Benefits of such training and employment programs aren’t just limited to the company and the employee. For members of the public, they may gain knowledge of the company’s commitments to an inclusive workplace, the programs available for the differently-abled workforce. Young members of the community who may have their own disability are able to see a role model with a normal routine who contributes to and participates in the community.
Those who are familiar with Goodwill training programs are primarily aware of the Goodwill retail store employees who receive training specifically for their roles at those stores. These employees have completed training in order to learn how to sort donations, price items, stock shelves, cashier, and otherwise assist customers in these local Goodwill locations. All of these skills are important for the retail industry and help contribute to the larger economic structure in communities where the stores are located. Retail Skills Trainer, Marijo Grigsby shared “It is great to witness a participant’s confidence and work ethic soar as a result of our program. This is instrumental for them gaining meaningful employment in the community.”
In addition to training workers for retail sales, Goodwill also has the program known as Project SEARCH. This particular program is possible due to a partnership with Hy-Vee stores across Iowa. The participants in Project SEARCH spend a portion of each day in the classroom where they learn soft skills and training for job seeking. Then they participate in the internship portion of the training, which involves working at a Hy-Vee location with store managers and other employees in order to build hands-on applied skills.
Over the course of the internship segment of the project, participants will work in three different departments across their Hy-Vee location in order to get a well-rounded experience and to detect where their interests and skills fit best. Hear more about trainee Tammy’s amazing experience with Project SEARCH.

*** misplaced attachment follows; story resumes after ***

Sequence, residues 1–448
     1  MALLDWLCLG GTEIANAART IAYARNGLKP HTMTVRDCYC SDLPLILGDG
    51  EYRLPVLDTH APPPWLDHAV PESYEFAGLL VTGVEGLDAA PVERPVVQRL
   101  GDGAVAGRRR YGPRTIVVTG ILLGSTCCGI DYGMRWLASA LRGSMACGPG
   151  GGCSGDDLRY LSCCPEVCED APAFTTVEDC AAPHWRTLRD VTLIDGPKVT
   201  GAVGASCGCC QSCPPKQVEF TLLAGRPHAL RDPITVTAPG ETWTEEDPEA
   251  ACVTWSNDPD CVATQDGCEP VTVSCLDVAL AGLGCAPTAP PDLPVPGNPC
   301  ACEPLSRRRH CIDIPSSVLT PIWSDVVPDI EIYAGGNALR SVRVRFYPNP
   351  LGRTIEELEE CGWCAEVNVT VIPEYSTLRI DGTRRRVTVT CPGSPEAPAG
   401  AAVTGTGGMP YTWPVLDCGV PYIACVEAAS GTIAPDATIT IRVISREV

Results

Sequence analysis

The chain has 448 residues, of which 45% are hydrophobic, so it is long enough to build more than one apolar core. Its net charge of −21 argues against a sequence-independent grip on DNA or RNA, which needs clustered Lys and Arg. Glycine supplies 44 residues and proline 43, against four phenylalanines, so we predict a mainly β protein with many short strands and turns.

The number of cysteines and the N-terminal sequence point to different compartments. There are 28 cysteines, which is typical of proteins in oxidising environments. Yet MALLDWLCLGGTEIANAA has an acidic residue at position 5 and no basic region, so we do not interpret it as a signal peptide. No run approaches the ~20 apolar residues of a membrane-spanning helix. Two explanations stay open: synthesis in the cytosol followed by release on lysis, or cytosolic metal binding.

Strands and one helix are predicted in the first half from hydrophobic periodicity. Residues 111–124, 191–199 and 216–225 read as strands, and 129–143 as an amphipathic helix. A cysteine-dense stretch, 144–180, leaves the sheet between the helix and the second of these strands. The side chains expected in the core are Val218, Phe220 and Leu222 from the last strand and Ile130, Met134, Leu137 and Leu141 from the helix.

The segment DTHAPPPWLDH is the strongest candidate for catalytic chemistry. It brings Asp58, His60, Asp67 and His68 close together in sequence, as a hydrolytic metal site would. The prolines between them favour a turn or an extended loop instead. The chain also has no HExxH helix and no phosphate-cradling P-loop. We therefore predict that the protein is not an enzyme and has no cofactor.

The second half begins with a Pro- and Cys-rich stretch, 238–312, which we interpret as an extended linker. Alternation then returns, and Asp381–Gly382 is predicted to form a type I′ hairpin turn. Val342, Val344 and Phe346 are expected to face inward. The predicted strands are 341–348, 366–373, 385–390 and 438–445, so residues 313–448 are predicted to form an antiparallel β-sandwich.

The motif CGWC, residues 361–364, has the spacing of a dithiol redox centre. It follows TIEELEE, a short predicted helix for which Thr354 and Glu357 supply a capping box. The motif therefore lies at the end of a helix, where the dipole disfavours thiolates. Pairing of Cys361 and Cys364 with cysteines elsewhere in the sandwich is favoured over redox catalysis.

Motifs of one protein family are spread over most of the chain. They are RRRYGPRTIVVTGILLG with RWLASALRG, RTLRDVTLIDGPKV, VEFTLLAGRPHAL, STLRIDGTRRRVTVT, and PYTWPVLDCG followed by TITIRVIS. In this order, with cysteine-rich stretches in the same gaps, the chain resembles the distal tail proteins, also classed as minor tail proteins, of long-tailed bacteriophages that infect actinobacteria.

Presently, the State of Iowa is experiencing the lowest unemployment rate in the nation at 2.6%. The Central Iowa counties of Story and Dallas fall even lower at 1.9% and 1.8% unemployment respectively.[iii] For companies in these areas, it is becoming increasingly difficult to find talent to fill entry-level service, retail, and other specialized jobs that require trainable skills.
Katherine Harrington, Goodwill of Central Iowa Mission Services Director shares this insight, “Individuals with disabilities are an untapped workforce resource across the country. Here in Iowa, where we are experiencing the lowest unemployment rates in the country, business owners are employing these individuals and seeing great results.” Companies should consider partnerships with Goodwill of Central Iowa to help impart applied skills and develop talent in potential future employees. Learn more about how workers with disabilities are an untapped Iowa resource.
To learn more about the training programs available for handicapable populations at Goodwill of Central Iowa, or to inquire about joining Project Search as a participating employer, contact us at firstname.lastname@example.org.
[ii] Sally Lindsay, Tracey Adams, Carolyn McDougall & Robyn Sanford (2012) Skill development in an employment-training program for adolescents with disabilities, Disability and Rehabilitation, 34:3, 228-237, DOI: 10.3109/09638288.2011.603015